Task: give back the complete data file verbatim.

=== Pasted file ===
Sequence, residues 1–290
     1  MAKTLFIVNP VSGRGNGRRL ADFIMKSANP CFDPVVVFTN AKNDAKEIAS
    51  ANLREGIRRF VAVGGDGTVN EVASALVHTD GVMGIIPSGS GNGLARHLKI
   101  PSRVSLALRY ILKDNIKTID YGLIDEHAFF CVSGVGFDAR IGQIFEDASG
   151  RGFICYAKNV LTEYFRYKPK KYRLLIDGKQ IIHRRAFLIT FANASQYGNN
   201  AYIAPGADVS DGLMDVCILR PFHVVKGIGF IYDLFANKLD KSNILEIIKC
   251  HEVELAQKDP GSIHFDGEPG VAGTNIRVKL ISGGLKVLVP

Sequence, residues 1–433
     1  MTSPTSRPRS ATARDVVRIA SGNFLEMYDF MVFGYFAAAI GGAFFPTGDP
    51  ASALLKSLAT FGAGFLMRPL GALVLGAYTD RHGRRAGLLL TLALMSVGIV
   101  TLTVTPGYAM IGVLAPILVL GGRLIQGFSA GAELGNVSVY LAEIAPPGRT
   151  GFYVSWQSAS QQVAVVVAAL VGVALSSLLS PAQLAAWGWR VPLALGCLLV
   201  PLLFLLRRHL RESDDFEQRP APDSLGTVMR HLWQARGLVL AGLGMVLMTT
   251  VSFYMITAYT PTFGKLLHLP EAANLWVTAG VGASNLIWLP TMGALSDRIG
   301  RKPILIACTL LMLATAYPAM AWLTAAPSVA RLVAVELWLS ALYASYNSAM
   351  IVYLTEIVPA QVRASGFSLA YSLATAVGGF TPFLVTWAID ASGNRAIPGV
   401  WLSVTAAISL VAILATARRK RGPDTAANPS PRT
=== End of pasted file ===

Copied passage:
Sequence, residues 1–290
     1  MAKTLFIVNP VSGRGNGRRL ADFIMKSANP CFDPVVVFTN AKNDAKEIAS
    51  ANLREGIRRF VAVGGDGTVN EVASALVHTD GVMGIIPSGS GNGLARHLKI
   101  PSRVSLALRY ILKDNIKTID YGLIDEHAFF CVSGVGFDAR IGQIFEDASG
   151  RGFICYAKNV LTEYFRYKPK KYRLLIDGKQ IIHRRAFLIT FANASQYGNN
   201  AYIAPGADVS DGLMDVCILR PFHVVKGIGF IYDLFANKLD KSNILEIIKC
   251  HEVELAQKDP GSIHFDGEPG VAGTNIRVKL ISGGLKVLVP

Sequence, residues 1–433
     1  MTSPTSRPRS ATARDVVRIA SGNFLEMYDF MVFGYFAAAI GGAFFPTGDP
    51  ASALLKSLAT FGAGFLMRPL GALVLGAYTD RHGRRAGLLL TLALMSVGIV
   101  TLTVTPGYAM IGVLAPILVL GGRLIQGFSA GAELGNVSVY LAEIAPPGRT
   151  GFYVSWQSAS QQVAVVVAAL VGVALSSLLS PAQLAAWGWR VPLALGCLLV
   201  PLLFLLRRHL RESDDFEQRP APDSLGTVMR HLWQARGLVL AGLGMVLMTT
   251  VSFYMITAYT PTFGKLLHLP EAANLWVTAG VGASNLIWLP TMGALSDRIG
   301  RKPILIACTL LMLATAYPAM AWLTAAPSVA RLVAVELWLS ALYASYNSAM
   351  IVYLTEIVPA QVRASGFSLA YSLATAVGGF TPFLVTWAID ASGNRAIPGV
   401  WLSVTAAISL VAILATARRK RGPDTAANPS PRT